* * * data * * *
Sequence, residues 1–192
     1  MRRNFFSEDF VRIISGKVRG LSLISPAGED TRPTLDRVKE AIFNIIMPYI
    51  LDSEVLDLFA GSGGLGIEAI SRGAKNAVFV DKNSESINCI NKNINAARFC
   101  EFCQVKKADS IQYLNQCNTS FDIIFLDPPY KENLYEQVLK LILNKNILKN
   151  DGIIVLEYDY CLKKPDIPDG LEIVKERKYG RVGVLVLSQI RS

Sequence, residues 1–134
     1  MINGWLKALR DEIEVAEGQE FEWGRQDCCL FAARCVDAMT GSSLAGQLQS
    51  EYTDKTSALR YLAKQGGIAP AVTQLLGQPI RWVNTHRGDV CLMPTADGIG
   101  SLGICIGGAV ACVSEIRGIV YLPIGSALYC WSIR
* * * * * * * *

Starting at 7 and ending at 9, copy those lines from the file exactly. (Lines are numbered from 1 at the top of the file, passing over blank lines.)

     1  MINGWLKALR DEIEVAEGQE FEWGRQDCCL FAARCVDAMT GSSLAGQLQS
    51  EYTDKTSALR YLAKQGGIAP AVTQLLGQPI RWVNTHRGDV CLMPTADGIG
   101  SLGICIGGAV ACVSEIRGIV YLPIGSALYC WSIR